When I started my design career, I couldn’t imagine it would consist of 75 percent communication and only 25 percent “actual design.” But as I was moving from pixels to components, from components to layouts, from layouts to systems, from systems to guidelines, and so on — the role of people relationships and group psychology gradually grew. And my design epiphany of the recent couple of years is how important it is to be part of a larger community and not just with the people on your project or team.
Still think that designers do their best work while shut away alone in a room? Here are three ways why joining a community of like-minded designers will help you grow your career and become a more empathic facilitator.
Recently I read a brilliant quote, “Good designers don’t fall in love with the solution, but great designers fall in love with the problem.” I think this sentiment applies to Design Thinking even if at the end of the day you don’t come up with a digital prototype. Facilitators often get attached to particular methods and tools, and this habit becomes only stronger in isolation from a professional community.
I bet you have a favorite framework or technique, maybe something like, “We prefer jobs-to-be-done to user personas because the latter are outdated and subjective.” Another example, “Our team uses the empathy mapping canvas with the ‘Goals’ sections at the top.” However, it’s a slippery slope. As American psychologist Abraham Maslow put it in 1966, “It is tempting, if the only tool you have is a hammer, to treat everything as if it were a nail.” We all are exposed to this cognitive bias, which it’s also known as the law of the instrument, or Maslow’s hammer.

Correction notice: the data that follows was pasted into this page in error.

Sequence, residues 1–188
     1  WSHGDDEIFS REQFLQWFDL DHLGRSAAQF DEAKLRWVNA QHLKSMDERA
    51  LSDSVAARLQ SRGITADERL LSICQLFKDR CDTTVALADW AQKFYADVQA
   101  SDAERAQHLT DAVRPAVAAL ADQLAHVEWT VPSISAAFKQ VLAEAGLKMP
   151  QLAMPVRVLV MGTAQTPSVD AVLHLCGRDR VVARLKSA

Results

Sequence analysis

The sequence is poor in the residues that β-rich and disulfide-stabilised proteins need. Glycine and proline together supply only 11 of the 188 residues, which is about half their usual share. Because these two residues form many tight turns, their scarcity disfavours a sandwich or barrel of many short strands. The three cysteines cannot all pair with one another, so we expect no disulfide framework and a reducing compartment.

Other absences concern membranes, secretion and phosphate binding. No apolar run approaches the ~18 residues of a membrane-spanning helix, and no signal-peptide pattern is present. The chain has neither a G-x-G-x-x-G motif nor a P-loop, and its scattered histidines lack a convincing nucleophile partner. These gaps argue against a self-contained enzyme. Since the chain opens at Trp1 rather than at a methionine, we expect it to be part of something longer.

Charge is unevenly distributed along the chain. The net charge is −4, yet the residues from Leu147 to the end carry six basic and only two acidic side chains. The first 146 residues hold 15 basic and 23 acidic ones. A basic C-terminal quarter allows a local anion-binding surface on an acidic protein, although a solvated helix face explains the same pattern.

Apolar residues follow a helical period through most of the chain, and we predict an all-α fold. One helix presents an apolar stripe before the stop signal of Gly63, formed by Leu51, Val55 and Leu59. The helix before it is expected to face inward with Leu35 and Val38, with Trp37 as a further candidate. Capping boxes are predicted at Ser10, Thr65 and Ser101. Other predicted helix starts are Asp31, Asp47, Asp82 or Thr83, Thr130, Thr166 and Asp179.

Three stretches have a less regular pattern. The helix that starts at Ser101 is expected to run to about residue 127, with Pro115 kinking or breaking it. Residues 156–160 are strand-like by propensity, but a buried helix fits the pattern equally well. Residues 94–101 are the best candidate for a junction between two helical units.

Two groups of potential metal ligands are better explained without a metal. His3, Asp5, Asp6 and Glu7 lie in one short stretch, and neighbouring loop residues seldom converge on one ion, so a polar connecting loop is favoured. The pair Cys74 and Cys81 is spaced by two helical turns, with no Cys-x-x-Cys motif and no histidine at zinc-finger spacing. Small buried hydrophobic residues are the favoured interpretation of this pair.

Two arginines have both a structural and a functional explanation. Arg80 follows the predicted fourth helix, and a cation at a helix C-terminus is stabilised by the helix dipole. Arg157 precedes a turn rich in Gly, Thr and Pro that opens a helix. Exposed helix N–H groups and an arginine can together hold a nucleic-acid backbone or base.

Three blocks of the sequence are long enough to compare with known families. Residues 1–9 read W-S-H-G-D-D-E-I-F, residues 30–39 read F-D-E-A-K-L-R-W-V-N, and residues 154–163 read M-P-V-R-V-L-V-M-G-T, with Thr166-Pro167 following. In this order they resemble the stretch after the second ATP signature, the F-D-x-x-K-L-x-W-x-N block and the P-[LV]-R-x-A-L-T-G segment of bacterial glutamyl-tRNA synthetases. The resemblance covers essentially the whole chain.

Moreover, many Design Thinking agencies developed their own branded frameworks to stand out among numerous competitors on the market. But as a downside of marketing gains, we have even stronger attachment to favorite methods. Fortunately, communication and creative borrowing can save us from this “tool-affection.”
Icebreaker exercises are, probably, the easiest source of Design Thinking inspiration. Long time ago, I knew only one — “The Shoe Game,” which worked the best offline. All workshop participants stood in a circle and the task was to take an imaginary shoe and demonstrate how you can use it in a creative way — anything except for putting them on. People would always start chuckling and show how they could row a boat with a shoe or drink an extra-large dose of coffee out of it.
Sadly, this simple exercise doesn’t work online, so I started collecting icebreakers for different situations and thinking cultures.
My current toolkit includes exercises that can match informal startup spirit or reserved corporate atmosphere. For example, I often combine a warm-up with an intro to the digital tool where we are going to run all activities. So, I ask each participant to create a sticky note of their preferred color, type their name, and add one key thing they expect to get from the workshop. Then team members add an emoji or icon that best reflects a superpower of the current workshop team.
👉 If you haven’t tried such a warm-up before, feel free to steal this idea and don’t hesitate to share yours in the MURAL Community!
Germans are always punctual. Americans are good at selling and always give “burger feedback”. You can find this kind of stuff in articles on cultural differences. But how much of that is truth and what is just a more academic form of stereotypes? From my experience, fifty-fifty. Besides, we rarely encounter “pure” cultural types and often work with expats, cosmopolitan persons, or simply those whose behavior has been shaped by other factors rather than ethnicity.